I’m usually a Gaddis proponent, but its clear that he’s been overtaken recently by Williams. Gaddis just can’t match Williams’ offensive performance.
    One tweak to your starting XI, I would try Fabinho on the left wing (if he has enough left in the tank for another start) and push Maidana to center, then use Pfeffer as a mid-second-half sub to spell Maidana in the center of the attack.

    • Fat Uncle Phil from Urkel says:

      Williams played aloof and lazy for what seemed like over a year. All of a sudden, boom, here he is. I’m telling ya, I think Jim announcing Ray as the starter a few months ago lit the fire in him.

  2. Ayuk would really benefit from a loan spell @ Harrisburg once other players get healthy. He certainly has flashes, but his game has a lot of filling out to do.
    Pfeffer sort of reminds me of Jack Wilshere. Can give you a combination of goals and assists from the midfield, but still a bit raw. His development this season is crucial if the Union are to have success in the next few years.
    Sapong is looking to be a steal at this point. This is the type of Moneyball business the Union should be doing more consistently.
    Marquez is making Vitoria expendable. One of the few success stories of the Harrisburg/Philadelphia partnership.
    Maidana and Nogueira continue to be two of the best players to ever suit up for the Union.
    I think once Mbolhi is off the books, the number one priority is upgrading Wenger’s at LW. IMO, his poor play is one of the biggest reasons this team has been so bad this season. You simply cannot field an attacking player that offers next to nothing game after game. I believe seriously upgrading this one position (Ronald Vargas perhaps?) would see this team improve leaps and bounds. It’s asking too much of your center forward to be the only true scoring threat.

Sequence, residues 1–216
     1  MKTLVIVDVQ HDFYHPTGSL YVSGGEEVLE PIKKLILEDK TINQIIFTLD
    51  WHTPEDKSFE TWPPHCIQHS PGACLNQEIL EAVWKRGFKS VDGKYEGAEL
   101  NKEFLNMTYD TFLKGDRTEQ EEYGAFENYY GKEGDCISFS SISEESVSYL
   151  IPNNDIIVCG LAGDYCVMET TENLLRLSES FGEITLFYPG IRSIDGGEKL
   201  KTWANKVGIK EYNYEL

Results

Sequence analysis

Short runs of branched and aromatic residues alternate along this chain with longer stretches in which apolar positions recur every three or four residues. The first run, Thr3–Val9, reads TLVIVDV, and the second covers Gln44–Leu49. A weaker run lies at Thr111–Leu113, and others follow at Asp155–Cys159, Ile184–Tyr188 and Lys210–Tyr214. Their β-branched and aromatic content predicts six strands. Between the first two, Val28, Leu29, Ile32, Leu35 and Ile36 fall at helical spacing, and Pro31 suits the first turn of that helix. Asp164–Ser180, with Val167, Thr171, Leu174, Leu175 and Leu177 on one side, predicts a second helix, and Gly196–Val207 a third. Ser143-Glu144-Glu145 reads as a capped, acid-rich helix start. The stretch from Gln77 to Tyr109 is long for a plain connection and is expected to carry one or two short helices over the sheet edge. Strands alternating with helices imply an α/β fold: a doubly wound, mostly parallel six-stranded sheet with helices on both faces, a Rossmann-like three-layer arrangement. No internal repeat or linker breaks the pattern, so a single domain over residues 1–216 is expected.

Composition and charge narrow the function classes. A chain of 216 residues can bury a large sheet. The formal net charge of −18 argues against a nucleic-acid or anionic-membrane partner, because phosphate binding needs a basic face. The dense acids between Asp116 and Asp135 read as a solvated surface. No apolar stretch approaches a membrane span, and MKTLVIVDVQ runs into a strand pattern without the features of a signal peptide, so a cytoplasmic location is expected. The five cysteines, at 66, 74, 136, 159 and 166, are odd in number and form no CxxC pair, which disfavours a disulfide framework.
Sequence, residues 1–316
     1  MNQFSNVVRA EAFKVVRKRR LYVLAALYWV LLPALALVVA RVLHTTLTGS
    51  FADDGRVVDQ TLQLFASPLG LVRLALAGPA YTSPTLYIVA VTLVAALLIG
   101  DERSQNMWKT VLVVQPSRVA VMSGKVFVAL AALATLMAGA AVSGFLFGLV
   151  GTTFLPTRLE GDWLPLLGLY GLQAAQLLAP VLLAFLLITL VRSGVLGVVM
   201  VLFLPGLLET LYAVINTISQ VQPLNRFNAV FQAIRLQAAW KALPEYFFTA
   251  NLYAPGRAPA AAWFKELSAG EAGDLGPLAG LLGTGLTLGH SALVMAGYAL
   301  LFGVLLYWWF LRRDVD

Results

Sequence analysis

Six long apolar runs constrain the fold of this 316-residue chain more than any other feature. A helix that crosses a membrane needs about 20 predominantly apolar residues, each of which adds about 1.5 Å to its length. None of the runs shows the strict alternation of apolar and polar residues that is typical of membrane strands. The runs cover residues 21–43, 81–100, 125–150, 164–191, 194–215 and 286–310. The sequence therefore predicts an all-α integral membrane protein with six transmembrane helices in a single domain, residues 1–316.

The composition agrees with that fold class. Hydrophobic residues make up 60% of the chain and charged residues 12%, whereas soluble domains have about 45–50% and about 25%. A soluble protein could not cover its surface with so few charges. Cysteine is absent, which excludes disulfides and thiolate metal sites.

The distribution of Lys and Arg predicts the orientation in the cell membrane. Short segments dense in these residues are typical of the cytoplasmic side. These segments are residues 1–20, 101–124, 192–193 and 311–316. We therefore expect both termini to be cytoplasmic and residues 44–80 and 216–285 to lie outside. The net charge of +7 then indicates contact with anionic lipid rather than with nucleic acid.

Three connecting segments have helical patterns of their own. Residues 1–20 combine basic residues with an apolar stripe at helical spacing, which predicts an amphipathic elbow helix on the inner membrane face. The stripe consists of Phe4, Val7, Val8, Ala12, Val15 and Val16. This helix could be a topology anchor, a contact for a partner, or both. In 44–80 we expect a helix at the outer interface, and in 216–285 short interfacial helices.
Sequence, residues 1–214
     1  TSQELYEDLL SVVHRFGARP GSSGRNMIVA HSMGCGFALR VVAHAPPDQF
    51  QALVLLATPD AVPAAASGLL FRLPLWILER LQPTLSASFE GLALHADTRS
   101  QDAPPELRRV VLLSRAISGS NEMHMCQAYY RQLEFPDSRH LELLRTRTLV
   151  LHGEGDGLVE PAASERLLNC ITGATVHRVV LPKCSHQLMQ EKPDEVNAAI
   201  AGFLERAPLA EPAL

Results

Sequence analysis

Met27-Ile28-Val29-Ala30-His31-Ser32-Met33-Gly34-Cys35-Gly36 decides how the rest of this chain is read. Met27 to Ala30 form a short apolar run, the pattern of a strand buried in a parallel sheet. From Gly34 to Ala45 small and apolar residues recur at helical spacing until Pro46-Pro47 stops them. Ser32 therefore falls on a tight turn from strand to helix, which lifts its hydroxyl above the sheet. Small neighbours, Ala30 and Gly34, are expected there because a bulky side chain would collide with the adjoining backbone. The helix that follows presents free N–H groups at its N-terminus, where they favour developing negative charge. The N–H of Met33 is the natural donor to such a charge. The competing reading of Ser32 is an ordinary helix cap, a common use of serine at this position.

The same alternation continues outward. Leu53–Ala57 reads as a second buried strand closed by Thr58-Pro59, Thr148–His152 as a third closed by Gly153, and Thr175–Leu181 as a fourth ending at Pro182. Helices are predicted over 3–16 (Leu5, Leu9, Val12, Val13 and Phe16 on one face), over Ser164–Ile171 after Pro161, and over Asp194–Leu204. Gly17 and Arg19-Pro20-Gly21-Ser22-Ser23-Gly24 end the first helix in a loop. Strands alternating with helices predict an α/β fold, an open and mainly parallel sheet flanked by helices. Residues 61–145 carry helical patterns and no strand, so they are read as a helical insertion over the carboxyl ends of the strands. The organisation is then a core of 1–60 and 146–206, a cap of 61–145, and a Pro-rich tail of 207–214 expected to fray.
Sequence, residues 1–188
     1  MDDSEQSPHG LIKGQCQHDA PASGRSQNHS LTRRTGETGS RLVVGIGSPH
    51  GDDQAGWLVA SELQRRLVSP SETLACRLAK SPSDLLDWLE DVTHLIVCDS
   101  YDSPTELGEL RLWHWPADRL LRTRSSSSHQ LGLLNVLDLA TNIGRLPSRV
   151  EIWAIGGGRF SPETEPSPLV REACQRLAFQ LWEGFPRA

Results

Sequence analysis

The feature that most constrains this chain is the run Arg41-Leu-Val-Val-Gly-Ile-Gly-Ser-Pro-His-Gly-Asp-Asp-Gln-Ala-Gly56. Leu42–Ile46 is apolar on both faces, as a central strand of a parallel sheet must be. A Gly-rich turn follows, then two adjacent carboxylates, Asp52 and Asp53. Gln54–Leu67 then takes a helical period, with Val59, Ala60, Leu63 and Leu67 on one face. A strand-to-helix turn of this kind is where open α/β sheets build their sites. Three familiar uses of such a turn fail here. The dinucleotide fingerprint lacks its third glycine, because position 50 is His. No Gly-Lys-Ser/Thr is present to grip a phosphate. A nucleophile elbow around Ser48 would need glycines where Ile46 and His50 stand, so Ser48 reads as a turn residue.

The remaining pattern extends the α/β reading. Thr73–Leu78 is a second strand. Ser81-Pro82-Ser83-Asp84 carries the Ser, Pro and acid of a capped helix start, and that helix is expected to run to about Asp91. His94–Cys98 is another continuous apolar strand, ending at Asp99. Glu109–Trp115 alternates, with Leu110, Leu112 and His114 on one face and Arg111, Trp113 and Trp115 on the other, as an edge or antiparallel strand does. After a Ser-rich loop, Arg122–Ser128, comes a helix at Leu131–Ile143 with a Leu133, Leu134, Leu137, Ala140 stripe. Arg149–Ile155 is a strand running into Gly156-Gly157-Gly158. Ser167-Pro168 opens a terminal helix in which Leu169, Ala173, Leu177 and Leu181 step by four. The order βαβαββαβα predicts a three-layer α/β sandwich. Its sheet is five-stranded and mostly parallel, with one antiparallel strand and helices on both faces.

• Marquez has been a great example of what to do with a usl partnership. Draft a young player with promise and don’t expect anything from him, just send him on loan

  3. During the first half I kept thinking the Union could take control of the game easily. I also kept thinking that their defensive shape had fallen apart from the performances before the Galaxy loss. As I agree Carrol looked tired and needs a rest, I think more of the blame about the space in the midfield should go to Chaco and Pfeffer. Maidana was wandering all over the field. Sometimes on the same wing as Pfeffer. Pfeffer, for his part, looked unsure how to deal with this. Granted, I think mobility and interchanging wings is a fine idea and can lead to some exciting creative football. But in this case I don’t think Pfeffer, Carrol, or Wenger adjusted well to Maidana’s wandering. I think it hurt the Union’s defensive shape, and pretty much led to the mess that was the first half.
    What seems more disconcerting is they way the Union played in the second half after getting the lead. They seemed timid. They were all to ready to bunker in and hold on for dear life. The only efforts contrary to this were from Ayuk and Fred. It was their hustle and work ethic that kept the Union the three points.

    • I got to my seat right after the start, and several times during the first half I was trying to figure out what positions Pfeffer and Maidana were playing, it did seem they were kinda all over.

      I also thought the Union started the 2nd half very flat, which got me very nervous.

  4. This analysis is mostly right-on, as usual.

    I only disagree slightly concerning Noguiera and Maidana. While you rightly give Pfeffer credit for going into the box and trying to score, both Chaco and Nogs seemed at times like they were allergic to trying to score, passing on a shot or a clear move towards the net.

    And, as usual, Curtin waited too long for the subs, especially with 2 more games within a week.

  5. A lot of this post seems to point out how much is on Curtin to be a good manager. I’m not sure I’m excited by that prospect. That said, we’ve never needed some more bodies to come in and be actual professionals

  6. Thought nugget: